One of the mechanisms behind thermonuclear supernovae recreated in the laboratory

All stars do not end their lives in the same way. The most massive stars, once their thermonuclear reactions exhausted, explode into a phenomenon called supernova. Supernovas can be classified into two types: thermonuclear supernovae (type Ia) and collapsing supernovas (type II, Ib, Ic). One of the possible mechanisms behind type Ia supernovas is the deflagration-detonation transition (DDT). Recently, physicists have developed a model of experimentally validated DDT, allowing a better understanding of this mechanism, which could also allow to develop new means of propulsion.

The nature of type Ia supernovae (SNIa), the thermonuclear supernovae, is still very little constrained. There is a general consensus that SNIa explosions are caused by rapid thermonuclear combustion of stars with a mass near or below the Chandrasekhar mass limit (1.4 solar masses). Beyond these models, however, the exact mechanisms of the SNIa remain unclear, with a number of possible scenarios.

In some forms of supernovae and chemical explosions, a flame moving at subsonic velocities (deflagration) spontaneously evolves into supersonic shock (detonation) -speed, greatly increasing power. The mechanism of this deflagration-detonation transition (DDT) is still poorly understood.

Recreate the detonation mechanism of supernovae in the laboratory

A team of physicists has developed a unified theory of the turbulence-induced DDT mechanism, which describes the mechanism and conditions of initiation of detonation during unconfined chemical and thermonuclear explosions. The model was validated using experiments with chemical flames and numerical simulations of thermonuclear flames. The study was published in the journal Science.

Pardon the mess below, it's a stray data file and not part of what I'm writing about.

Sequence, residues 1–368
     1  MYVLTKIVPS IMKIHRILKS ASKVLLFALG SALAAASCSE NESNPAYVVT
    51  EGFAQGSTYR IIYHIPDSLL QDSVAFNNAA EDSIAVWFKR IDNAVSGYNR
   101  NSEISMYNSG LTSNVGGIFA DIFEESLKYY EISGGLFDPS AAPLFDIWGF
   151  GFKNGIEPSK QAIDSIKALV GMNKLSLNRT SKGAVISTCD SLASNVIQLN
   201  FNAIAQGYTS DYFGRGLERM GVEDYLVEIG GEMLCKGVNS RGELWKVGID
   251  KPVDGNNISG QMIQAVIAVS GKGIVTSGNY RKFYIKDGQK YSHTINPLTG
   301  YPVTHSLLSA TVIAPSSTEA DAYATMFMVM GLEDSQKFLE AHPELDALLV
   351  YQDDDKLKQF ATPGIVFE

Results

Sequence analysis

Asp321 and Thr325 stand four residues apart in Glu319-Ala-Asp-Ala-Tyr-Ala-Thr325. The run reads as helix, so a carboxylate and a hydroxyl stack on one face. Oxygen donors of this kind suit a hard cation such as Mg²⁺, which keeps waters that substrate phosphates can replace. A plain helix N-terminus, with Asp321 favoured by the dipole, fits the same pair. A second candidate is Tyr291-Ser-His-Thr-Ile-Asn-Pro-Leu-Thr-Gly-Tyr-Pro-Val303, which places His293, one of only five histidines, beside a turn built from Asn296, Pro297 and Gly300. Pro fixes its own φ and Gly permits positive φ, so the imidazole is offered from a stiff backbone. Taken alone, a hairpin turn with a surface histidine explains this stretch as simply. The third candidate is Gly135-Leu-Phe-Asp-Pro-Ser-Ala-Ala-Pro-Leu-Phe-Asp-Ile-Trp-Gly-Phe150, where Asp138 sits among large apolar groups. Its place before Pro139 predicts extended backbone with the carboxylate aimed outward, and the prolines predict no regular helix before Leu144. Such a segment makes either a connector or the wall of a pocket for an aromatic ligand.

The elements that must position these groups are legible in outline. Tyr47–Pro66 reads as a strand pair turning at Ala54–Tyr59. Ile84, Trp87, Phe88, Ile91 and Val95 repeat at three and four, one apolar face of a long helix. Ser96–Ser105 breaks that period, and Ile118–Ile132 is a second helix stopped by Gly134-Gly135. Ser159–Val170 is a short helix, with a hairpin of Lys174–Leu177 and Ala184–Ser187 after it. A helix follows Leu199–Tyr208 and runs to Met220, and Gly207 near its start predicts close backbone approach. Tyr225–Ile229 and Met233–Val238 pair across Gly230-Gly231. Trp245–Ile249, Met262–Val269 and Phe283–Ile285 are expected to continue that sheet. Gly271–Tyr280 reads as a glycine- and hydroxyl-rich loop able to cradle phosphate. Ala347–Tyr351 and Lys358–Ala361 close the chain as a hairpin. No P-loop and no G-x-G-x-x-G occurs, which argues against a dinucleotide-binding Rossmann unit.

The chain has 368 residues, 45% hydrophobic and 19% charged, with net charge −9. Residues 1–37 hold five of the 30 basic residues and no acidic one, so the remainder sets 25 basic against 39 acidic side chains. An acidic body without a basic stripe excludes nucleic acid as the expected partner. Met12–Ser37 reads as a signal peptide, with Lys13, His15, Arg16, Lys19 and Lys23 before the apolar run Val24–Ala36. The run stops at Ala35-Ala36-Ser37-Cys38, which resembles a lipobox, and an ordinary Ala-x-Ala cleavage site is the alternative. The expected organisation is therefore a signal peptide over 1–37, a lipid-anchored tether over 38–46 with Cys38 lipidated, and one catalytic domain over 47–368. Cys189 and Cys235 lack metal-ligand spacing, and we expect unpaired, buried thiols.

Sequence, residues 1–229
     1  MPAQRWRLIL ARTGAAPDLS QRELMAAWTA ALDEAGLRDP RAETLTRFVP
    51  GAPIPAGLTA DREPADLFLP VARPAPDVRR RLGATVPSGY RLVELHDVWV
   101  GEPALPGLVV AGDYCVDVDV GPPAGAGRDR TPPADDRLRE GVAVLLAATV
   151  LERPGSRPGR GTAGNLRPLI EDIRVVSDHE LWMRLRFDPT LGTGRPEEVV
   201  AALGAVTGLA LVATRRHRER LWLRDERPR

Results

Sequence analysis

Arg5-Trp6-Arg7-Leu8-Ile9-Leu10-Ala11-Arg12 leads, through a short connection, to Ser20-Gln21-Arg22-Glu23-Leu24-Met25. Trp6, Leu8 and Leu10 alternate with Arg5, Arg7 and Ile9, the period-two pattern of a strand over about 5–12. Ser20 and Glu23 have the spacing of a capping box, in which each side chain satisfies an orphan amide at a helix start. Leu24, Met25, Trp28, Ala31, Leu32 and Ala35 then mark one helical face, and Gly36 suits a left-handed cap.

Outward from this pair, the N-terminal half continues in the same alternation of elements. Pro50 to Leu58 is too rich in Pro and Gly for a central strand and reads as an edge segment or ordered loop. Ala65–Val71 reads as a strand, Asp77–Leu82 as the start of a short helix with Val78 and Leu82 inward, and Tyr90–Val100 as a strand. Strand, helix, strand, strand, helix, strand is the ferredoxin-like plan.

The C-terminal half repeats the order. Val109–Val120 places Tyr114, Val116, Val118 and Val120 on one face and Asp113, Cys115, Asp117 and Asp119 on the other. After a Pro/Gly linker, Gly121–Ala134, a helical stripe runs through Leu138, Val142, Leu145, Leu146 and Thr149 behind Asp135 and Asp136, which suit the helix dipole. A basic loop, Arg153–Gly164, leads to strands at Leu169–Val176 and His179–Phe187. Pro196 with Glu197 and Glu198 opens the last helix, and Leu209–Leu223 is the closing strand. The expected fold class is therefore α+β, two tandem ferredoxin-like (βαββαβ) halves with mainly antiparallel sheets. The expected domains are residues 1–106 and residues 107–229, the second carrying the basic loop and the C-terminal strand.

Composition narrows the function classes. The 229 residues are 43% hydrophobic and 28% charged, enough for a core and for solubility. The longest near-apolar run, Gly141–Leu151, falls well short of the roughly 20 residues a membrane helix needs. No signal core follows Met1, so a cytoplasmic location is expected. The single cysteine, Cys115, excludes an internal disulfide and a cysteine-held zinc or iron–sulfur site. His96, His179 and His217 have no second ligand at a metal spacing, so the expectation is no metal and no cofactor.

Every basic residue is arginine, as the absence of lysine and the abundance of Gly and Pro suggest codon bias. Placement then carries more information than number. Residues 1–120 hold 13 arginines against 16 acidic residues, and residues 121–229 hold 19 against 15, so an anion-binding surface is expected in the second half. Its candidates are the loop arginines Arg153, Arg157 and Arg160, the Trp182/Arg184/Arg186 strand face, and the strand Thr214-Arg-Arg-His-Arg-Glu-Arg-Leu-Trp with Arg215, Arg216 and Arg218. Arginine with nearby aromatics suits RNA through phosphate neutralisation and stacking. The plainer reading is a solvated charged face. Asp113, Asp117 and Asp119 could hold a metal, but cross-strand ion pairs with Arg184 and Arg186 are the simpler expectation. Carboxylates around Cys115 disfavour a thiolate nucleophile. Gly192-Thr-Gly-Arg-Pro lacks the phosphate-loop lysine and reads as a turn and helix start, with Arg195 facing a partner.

Physicists have recreated the detonation-detonation mechanism in which a flame encounters a shock wave, resulting in a sudden detonation. Credits: Alexei Y. Poludnenko et al. 2019

" When we started deepening the question, we discovered that we can actually achieve this mechanism between a passive flame and a flame that becomes very active, " says Ahmed. " It reaches a point producing a detonation, which is essentially a supernova ."

The death of stars 10 to 100 times larger than the Sun generates an explosion called supernova. In a galaxy like the Milky Way, a supernova occurs every 50 years or so. But the mechanism underlying the initiation of the supernova is still little understood by astrophysicists.

The mechanism of the explosion-detonation transition experimentally validated

" How do the flames accelerate spontaneously and turn into detonations? We know that the detonations exist, but the question was: what is the missing link explaining how the star goes from a combustion mode to a detonation mode so brutally? Ahmed explains.

The mechanism explored by Ahmed's team takes a passive flame, like that of a candle, and turns it into an energetic flame. " When we started to notice that the flames could accelerate, we had to develop this unique facility to explore the phenomenon,  " says Ahmed.

The researchers first modeled the DDT mechanism using plasma and then experimentally confirmed. Credits: Alexei Y. Poludnenko et al. 2019

The installation was in the form of a 5 x 5 cm shock tube, which induces turbulence and allows the passive flame to interact with it until it propels itself until a detonation.

This study will not only provide a better understanding of the explosion-detonation mechanism of Type Ia supernovae, but also the development of hypersonic propulsion means on Earth.


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